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Unit outline_

IBUS3109: Strategy and Emerging Markets

Semester 1, 2024 [Normal day] - Camperdown/Darlington, Sydney

Emerging economies are rapidly changing the global business landscape as they present tremendous growth opportunities for the developed world. At the same time, their rise as a new competitive force has strategic implications for global managers. This unit focuses on four of the most prominent emerging economies, namely Brazil, Russia, India and China (BRIC nations), to develop strategic tools to win in the new global competitive environment. Drawing on current insights from International Business Strategy, a two-pronged approach is used to analyse competition in emerging economies: multinational enterprises from developed economies attempting to leverage emerging economies and enterprises from BRIC nations as they transform into multinationals to compete globally.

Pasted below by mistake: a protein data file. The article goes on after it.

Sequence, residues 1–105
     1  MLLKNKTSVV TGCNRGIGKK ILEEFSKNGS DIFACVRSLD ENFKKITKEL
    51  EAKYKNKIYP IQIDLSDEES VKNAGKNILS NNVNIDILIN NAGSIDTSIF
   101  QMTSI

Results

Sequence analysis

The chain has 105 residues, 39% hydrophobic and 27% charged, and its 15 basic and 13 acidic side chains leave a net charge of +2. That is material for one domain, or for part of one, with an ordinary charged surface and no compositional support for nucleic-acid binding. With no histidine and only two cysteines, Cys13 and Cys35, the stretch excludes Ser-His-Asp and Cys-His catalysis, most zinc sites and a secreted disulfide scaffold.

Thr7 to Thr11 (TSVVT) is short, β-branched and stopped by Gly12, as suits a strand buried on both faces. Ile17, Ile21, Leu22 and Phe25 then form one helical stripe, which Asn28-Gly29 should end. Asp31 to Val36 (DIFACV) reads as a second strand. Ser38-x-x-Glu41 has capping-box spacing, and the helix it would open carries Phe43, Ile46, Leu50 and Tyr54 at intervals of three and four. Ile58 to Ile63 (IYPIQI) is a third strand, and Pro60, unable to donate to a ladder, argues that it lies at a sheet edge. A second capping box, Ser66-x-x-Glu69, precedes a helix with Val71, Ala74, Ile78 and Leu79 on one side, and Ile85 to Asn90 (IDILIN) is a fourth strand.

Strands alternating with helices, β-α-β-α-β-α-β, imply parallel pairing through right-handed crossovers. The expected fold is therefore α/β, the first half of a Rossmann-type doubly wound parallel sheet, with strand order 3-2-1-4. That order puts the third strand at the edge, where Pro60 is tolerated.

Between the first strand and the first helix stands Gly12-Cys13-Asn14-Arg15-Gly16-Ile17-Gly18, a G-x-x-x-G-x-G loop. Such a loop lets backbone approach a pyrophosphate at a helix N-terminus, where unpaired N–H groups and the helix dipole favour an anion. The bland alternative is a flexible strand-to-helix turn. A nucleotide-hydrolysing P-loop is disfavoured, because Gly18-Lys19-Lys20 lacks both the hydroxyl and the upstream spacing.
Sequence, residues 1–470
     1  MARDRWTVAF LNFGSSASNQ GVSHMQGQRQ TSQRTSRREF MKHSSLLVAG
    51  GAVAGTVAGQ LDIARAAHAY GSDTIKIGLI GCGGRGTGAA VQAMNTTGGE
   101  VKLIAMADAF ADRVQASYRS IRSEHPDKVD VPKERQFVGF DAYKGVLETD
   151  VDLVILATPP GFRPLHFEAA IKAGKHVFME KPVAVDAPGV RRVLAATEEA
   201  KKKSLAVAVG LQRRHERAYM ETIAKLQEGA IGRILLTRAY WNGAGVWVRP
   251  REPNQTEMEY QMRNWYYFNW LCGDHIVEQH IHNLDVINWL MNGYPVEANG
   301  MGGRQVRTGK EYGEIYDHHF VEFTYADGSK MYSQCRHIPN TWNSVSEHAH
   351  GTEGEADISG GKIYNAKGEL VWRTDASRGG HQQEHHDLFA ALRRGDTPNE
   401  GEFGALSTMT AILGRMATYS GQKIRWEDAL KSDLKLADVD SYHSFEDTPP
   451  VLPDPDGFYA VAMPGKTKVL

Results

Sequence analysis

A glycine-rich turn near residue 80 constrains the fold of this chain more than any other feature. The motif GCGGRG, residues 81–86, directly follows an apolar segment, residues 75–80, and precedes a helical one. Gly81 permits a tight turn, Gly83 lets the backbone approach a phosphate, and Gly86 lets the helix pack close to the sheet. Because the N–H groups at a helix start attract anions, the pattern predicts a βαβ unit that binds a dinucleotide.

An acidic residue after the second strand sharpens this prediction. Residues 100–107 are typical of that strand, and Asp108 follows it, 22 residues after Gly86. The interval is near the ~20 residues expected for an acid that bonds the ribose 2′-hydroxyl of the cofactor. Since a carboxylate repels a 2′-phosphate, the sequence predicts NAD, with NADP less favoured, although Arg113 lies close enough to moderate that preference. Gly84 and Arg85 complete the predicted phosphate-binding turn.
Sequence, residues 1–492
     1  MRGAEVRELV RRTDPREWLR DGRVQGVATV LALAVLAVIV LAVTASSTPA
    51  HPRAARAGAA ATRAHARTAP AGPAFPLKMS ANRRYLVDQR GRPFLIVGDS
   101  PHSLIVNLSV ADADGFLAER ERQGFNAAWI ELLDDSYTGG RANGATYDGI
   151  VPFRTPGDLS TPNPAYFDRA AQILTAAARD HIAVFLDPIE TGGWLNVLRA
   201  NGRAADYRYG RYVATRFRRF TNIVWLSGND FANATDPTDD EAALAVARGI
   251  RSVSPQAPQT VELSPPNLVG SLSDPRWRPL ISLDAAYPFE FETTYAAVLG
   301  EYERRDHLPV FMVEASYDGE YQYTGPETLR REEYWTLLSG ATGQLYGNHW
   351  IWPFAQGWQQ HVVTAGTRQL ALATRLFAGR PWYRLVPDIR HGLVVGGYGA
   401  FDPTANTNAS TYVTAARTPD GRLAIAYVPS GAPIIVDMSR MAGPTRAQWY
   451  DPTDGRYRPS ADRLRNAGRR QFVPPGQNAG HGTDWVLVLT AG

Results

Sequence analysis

Unit details and rules

Academic unit International Business
Credit points 6
Assumed knowledge


Available to study abroad and exchange students


Teaching staff

Coordinator Sangeeta Ray,
Lecturer(s) Sangeeta Ray,
The census date for this unit availability is 2 April 2024
Type Description Weight Due Length
Supervised exam
Final exam
Short and/ extended answers
50% Formal exam period 2 hours
Outcomes assessed: LO1 LO2
Participation In-class activity
Participation Quiz and Q&A
10% Ongoing 1 hour
Outcomes assessed: LO1 LO2 LO3
Small test Review Exercise
MCQ and/ short answers
15% Week 09
Due date: 22 Apr 2024 at 14:00
55 minutes
Outcomes assessed: LO1 LO2
Assignment group assignment Group project
Case study, report, presentation
25% Week 13
Due date: 22 May 2024 at 23:59
1500 words
Outcomes assessed: LO1 LO2 LO4
group assignment = group assignment ?

Assessment summary